If you liked "Life is Beautiful," you'll love "Train of Life."
If you found the implausibility of "Life is Beautiful" the least bit distracting, you may as well throw in the towel on this one.
"Train of Life," being released today (Friday, Nov. 12) by Paramount Classics, is the third to be released in a series of recent Holocaust "comedies," all of which involve deception.
In "Life is Beautiful," the lead character, portrayed by Italian comedian Roberto Benigni, convinces his son that their life at a concentration camp is really an elaborate game.
In "Jakob the Liar," Robin Williams, as Jakob, tries to keep up the morale of his fellow ghetto residents by inventing news of Allied victories, supposedly gleaned from a hidden radio.
Now in "Train of Life," French-speaking residents of a Jewish village in 1941, aware that German troops will soon come with a train and carry them away to a horrendous fate, devise a scheme to buy a train, dress up certain members of the community as Nazis, and deport themselves through Russia and eventually to Palestine.
The central character who concocts the scheme, Shlomo, is the village fool, but he doubles as the most creative thinker in the shtetl. The movie begins with Shlomo running into town to inform the rabbi that the Nazis are coming soon, giving the viewer no opportunity to get to know the characters at all prior to the threat of imminent invasion and the plotting that immediately ensues.
the villagers prepare to leave on the train, in scenes that look remarkably like a French version of "Fiddler on the Roof." While packing and sewing uniforms, the villagers stop to dance and sing. There is even a flirtatious, beautiful girl prancing through town who absolutely every man in the film is hot for.
The implausibility factor gets taken to extremes mainly in the incredible risks the villagers take, further endangering their already precarious scheme, just so they can observe every Jewish tradition.
They put mezuzot up on the train cars, then cover them up with car numbers and swastikas. Watching them kiss their fingers and touch the numbers as they board the trains is surreal.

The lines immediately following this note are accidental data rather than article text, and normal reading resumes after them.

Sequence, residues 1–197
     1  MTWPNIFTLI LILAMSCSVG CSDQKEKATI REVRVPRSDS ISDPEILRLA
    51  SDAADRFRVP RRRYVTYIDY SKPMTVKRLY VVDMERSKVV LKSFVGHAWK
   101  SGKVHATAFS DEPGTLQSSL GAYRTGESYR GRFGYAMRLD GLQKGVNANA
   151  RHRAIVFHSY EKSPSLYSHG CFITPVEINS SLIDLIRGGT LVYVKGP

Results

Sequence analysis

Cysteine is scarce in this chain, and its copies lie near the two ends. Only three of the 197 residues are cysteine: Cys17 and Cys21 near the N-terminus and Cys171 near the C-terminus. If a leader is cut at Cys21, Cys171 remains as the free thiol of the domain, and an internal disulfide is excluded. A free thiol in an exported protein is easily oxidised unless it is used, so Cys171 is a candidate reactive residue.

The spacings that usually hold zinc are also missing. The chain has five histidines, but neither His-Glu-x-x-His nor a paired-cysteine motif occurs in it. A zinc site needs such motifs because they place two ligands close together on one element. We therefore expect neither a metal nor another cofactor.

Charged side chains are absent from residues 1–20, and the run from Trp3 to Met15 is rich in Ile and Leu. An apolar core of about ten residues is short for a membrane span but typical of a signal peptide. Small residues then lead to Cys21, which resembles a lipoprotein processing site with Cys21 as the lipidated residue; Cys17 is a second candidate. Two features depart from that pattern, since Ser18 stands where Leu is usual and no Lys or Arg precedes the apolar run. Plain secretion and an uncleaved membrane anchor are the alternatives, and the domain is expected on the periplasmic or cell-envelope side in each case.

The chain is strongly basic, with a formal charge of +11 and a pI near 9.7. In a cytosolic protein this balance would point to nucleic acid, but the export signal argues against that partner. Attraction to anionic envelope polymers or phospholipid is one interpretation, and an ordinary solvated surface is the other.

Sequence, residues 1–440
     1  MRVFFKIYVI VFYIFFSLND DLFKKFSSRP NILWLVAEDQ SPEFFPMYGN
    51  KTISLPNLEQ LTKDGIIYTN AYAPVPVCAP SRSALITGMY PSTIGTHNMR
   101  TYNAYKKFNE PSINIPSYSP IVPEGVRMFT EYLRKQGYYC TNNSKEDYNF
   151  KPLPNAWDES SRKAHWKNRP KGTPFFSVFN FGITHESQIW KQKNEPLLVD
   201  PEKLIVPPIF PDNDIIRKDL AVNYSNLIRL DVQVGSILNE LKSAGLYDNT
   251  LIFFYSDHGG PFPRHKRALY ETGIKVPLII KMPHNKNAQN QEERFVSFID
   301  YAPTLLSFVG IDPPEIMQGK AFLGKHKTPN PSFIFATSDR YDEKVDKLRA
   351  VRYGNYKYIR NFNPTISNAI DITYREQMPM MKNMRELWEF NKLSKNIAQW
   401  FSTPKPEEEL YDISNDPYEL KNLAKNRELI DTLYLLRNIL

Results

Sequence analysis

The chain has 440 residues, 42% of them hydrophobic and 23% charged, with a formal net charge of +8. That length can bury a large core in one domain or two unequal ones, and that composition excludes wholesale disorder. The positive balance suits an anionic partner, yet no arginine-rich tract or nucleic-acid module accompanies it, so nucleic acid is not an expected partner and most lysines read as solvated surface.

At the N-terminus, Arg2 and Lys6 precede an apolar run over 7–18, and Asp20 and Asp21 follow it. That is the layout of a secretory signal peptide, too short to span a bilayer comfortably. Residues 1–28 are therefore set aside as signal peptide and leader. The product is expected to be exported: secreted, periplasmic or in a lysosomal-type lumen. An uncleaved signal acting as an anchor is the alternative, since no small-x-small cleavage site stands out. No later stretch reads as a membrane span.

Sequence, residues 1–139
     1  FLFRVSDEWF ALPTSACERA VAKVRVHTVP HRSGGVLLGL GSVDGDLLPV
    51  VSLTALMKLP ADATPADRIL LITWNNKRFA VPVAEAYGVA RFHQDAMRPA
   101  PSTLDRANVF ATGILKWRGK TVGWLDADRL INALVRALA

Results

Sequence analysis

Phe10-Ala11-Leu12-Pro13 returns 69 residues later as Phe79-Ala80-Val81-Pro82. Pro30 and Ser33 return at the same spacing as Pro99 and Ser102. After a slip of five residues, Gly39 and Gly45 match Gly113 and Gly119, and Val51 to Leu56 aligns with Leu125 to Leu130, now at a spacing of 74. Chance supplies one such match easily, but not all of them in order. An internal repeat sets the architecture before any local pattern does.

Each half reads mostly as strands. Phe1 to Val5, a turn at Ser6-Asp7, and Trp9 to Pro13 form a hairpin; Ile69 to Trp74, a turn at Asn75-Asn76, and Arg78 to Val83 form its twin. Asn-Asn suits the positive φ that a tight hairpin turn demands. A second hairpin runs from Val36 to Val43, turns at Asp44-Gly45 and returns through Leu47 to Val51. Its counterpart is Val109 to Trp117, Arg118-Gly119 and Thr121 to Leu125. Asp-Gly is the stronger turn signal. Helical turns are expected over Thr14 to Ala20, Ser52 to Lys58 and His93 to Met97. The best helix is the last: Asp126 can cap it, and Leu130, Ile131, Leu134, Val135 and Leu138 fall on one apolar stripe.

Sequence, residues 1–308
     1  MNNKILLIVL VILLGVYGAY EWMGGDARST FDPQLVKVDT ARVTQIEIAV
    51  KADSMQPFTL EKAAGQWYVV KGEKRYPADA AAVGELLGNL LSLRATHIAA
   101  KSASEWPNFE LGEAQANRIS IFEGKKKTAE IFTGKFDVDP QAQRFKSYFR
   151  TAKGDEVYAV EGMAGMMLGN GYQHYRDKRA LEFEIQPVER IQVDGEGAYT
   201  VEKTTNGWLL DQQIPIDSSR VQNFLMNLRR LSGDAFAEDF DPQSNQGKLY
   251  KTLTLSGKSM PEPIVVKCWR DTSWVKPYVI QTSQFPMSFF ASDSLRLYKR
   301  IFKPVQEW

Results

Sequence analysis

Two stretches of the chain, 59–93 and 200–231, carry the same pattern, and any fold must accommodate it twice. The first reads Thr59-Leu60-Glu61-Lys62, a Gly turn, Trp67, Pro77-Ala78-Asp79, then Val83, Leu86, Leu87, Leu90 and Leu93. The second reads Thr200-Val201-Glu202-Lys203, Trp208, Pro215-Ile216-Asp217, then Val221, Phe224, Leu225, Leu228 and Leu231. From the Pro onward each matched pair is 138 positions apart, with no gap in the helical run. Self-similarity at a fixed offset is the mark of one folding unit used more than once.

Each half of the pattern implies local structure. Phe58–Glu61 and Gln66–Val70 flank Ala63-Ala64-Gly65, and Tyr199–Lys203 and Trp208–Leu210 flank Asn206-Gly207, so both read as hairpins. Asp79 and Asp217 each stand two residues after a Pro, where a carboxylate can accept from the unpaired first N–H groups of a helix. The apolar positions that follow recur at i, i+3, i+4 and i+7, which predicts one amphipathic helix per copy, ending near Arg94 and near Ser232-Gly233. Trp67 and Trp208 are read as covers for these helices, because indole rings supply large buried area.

The villagers take their Torah, a ton of kosher food and all sorts of belongings that Jews being carted away by Nazis would never have been allowed. when they run out of food and stop at a German military camp for supplies, they insist on preparing the food themselves so it will be kosher, even slaughtering their own animals.
Through most of the movie, the villagers' luck is beyond incredible. No one notices the mysterious fringe peeking out of one of the Nazi uniforms of a masquerading Jew. Mordechai, the wood merchant who portrays the train's Nazi commander, actually convinces real Nazis that his train is not on the list of deportation trains in the area because it carries especially dangerous Communist Jews and so everyone wants to sabotage it.
Still, if disbelief can be suspended, there is a poignancy to the tale and to the characters' evolution and growth. As in life, despite needing one another desperately, the villagers begin to turn on each other. Certainly, they cannot survive divided.
On its face, the movie seems like just one more Holocaust tale of false hope kept alive by a lie, another reason to protest that Hollywood is trivializing Jewish tragedy.
But "Train of Life" is more than that. It also is a parable about how much more we can accomplish together than apart. And it is a story of the need to hold on to things familiar and meaningful, even at great personal risk, and that includes the people we love.